Pricing the transition: Empirical evidence on the evolution of electricity rate structures in North America
Over recent years, utilities supplying the residential electricity sector have struggled with a growing discrepancy between revenues and costs. The increasing share of fixed costs became difficult to recover through traditional rate structures, based on volumetric pricing. This trend is exacerbated by the increase in distributed and intermittent generation from renewable sources, and by changes in demand profiles. This study asks whether utilities across North America are adapting to these changes and taking advantage of dynamic pricing tools and demand response technologies, by taking stock of common tariffing practices to see if utilities do implement rates better tailored to support these transformations. We look at the U.S. Energy Information Administration's national survey, and then refine our analysis with 31 cases across North America. By looking at utilities’ current rate practices with regard to dynamic pricing, distributed generation, the integration of new technologies, demand response possibilities, as well as electric vehicle recharge, this exploration makes it clear that a large majority are not ready for these challenges and must innovate rapidly. Moreover, regulatory agencies must ensure that utilities do have the option of designing rates that move away from volume-based pricing and allow for the deployment of sophisticated demand response management.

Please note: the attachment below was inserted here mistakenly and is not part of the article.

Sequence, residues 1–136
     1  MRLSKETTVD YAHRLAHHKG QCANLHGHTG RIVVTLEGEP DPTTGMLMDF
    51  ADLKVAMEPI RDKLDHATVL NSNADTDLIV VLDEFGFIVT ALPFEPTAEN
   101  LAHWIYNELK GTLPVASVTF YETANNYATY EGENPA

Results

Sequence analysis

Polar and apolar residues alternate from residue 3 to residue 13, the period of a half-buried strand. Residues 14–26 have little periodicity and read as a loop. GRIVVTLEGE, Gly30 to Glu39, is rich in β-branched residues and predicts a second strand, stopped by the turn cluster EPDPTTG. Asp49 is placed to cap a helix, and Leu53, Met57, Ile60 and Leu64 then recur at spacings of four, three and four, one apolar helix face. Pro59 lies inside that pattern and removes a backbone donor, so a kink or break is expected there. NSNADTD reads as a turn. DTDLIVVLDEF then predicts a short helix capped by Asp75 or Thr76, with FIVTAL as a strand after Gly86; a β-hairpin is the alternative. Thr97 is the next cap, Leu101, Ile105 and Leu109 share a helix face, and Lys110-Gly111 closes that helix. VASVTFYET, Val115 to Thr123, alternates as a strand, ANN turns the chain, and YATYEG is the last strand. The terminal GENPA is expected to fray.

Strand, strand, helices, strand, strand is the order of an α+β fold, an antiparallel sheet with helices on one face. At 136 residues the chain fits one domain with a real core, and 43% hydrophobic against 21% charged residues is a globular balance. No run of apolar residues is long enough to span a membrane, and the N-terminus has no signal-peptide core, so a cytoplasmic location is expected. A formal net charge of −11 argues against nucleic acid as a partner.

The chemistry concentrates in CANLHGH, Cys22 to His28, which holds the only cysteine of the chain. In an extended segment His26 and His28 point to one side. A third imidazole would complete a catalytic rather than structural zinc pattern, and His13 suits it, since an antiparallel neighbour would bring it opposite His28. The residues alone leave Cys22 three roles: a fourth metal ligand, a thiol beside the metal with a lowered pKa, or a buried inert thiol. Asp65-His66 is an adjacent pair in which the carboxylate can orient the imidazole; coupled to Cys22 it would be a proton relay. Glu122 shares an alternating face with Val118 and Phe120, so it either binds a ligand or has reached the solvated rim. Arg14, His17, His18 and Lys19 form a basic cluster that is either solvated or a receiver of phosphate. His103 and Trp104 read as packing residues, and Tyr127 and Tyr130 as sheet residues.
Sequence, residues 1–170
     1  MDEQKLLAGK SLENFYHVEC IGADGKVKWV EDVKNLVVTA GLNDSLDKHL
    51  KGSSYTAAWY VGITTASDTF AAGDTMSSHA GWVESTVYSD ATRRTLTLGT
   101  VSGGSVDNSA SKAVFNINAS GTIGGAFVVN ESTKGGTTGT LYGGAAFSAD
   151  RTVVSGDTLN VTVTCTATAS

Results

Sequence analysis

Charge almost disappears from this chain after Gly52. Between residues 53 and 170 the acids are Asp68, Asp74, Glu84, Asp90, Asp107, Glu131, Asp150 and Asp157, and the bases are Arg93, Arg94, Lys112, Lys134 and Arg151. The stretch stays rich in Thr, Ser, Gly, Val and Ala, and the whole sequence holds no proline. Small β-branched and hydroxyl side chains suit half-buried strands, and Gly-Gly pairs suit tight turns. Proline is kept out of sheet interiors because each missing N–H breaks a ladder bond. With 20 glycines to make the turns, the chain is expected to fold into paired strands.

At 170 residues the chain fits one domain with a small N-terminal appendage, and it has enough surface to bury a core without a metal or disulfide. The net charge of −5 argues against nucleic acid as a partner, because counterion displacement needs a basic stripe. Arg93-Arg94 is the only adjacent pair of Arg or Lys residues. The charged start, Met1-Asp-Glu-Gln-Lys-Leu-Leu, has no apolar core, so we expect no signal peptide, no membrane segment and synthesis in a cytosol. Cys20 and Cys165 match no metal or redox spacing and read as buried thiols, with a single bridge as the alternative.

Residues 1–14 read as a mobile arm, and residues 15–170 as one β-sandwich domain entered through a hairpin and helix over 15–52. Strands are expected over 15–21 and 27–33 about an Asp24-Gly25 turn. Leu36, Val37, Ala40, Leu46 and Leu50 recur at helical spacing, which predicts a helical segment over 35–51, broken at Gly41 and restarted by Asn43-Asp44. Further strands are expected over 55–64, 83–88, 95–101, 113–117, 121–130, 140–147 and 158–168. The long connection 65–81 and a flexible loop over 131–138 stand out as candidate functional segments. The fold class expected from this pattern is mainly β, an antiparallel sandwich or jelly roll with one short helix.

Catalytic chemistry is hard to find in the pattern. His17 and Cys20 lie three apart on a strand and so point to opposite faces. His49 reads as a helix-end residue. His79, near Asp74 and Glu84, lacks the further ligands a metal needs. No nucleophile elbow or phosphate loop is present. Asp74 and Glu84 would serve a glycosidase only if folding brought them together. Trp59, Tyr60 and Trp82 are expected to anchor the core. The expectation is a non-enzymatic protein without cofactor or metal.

|Keywords||Canada, Electricity, North America, Tariffs, Transition, United States|
Langlois-Bertrand, S. (Simon), & Pineau, P.-O. (Pierre-Olivier). (2018). Pricing the transition: Empirical evidence on the evolution of electricity rate structures in North America. Energy Policy, 117, 184–197. doi:10.1016/j.enpol.2018.03.009